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February 7, 2011


SPRINGFIELD – A Task Force created to examine key questions related to a proposal to expand revenue available to the Monetary Award Program (MAP) will be presented to the Illinois Board of Higher Education at its meeting February 15, 2011, in Chicago. The Board also will act on higher education budget recommendations to the Governor and General Assembly for fiscal 2012.

The Board voted in December to establish the blue ribbon task force to undertake an objective and comprehensive study of the College Investment Opportunity Notes (COINs) proposal advanced by the Illinois Student Assistance Commission (ISAC)  to supplement general fund dollars available to low-income students receiving MAP grants. ISAC has proposed selling bonds, repaid by the growth in income tax revenues from college graduates, to increase funding for MAP by $100 million annually. This year, some 140,000 eligible applicants went MAP-less because the $405 million state appropriation to the program was all claimed by mid-April.

“When a program to expand college access and promote affordability can only serve half the students it’s designed to assist, any idea to generate new dollars deserves serious consideration,” Carrie J. Hightman, IBHE Chairwoman, said. “We are grateful to the Task Force for its diligent work in an accelerated timeframe to give the Board and the greater higher education community a factual basis for better understanding the COINs proposal.”

The report will be presented by Task Force Chairman Tom Schmidt, former president of Carl Sandburg College in Galesburg, as an information item on the Board’s agenda.

Chairwoman Hightman said affordability – one of four goals of the Illinois Public Agenda for College and Career Success –will be a central focus of the budget recommendations being prepared for Board action. “As in recent years, the Board’s FY12 budget will feature investment-level steps that will demonstrate the value-added – for educational attainment, affordability, and economic recovery – of increasing support for students and the institutions they attend,” she said. “We cannot eliminate the achievement gap or train residents for the modern economy if they are denied access to college because of financial need.”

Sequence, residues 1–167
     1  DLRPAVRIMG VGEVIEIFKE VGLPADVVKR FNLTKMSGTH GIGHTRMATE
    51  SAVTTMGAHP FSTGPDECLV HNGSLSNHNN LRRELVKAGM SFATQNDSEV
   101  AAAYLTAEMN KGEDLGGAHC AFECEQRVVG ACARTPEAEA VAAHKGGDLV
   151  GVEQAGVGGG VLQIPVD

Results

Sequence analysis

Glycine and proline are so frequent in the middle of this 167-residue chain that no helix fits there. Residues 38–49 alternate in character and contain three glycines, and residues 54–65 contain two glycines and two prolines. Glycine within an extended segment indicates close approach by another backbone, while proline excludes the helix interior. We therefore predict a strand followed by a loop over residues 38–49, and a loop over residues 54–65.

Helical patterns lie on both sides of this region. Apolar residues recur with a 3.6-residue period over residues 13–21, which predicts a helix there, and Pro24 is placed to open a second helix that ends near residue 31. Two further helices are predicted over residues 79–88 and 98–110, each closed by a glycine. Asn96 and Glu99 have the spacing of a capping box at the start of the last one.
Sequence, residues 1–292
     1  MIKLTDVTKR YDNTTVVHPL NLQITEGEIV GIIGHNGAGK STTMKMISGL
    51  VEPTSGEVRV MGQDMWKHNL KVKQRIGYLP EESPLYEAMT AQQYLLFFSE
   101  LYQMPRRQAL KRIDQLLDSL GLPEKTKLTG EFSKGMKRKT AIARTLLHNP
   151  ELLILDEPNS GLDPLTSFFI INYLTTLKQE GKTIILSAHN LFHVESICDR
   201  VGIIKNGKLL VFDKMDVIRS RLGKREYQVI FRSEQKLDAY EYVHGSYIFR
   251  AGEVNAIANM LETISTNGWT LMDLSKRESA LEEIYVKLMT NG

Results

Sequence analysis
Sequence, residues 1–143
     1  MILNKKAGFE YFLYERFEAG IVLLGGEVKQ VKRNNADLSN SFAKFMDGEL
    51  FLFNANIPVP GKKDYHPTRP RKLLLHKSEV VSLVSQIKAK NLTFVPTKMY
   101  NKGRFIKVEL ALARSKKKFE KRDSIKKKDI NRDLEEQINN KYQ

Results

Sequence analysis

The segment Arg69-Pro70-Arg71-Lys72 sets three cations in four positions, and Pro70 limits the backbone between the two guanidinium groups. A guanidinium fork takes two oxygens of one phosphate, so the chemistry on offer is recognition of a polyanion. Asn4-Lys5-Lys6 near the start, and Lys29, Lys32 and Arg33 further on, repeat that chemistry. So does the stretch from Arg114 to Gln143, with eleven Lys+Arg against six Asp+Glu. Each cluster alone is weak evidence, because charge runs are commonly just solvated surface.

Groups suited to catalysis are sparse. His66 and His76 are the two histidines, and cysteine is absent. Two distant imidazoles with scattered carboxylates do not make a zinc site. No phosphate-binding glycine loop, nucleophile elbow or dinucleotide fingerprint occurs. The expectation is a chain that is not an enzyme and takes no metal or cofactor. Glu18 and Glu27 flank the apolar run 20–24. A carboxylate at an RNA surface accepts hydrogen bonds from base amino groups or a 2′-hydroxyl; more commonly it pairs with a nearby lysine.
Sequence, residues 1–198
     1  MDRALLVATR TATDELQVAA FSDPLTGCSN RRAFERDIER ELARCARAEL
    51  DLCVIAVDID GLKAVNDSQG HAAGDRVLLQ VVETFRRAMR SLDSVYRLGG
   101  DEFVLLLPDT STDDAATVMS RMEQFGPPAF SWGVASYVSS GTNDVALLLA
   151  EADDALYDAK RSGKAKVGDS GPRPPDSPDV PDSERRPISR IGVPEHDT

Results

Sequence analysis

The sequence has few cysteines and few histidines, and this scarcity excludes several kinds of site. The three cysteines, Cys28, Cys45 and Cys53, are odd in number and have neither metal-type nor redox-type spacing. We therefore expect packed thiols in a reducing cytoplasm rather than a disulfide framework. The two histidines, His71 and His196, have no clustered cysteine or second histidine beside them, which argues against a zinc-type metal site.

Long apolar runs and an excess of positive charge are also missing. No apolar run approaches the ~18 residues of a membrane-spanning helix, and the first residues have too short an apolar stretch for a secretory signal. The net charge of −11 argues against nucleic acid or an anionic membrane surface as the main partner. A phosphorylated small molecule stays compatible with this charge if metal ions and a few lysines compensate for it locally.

The IBHE will unveil a new agenda feature at the February meeting, called the “Public Agenda Showcase,” an opportunity for colleges and universities, state agencies, and other organizations to showcase initiatives that support implementation of the Illinois Public Agenda. Two institutions will be highlighted in February.  Governors State University will showcase an extensive partnership with neighboring community colleges to enable students to earn an associate’s degree and readily transfer to GSU for the economical  completion of a bachelor’s degree. The partnerships span three Public Agenda goals: increasing college attainment,  promoting affordability, and fostering employment in high-demand occupational fields.  Bradley University will demonstrate its successful work-study program that has an impressive 85 percent placement rate for students landing permanent jobs, a key component of both Goals 1 and 3.

“The true implementation of the Public Agenda will occur on campuses and worksites and other venues of educational activity,” Chairwoman Hightman noted. “We look forward to these presentations as exemplary models of creative ways that institutions are making the Illinois Public Agenda a living document.”


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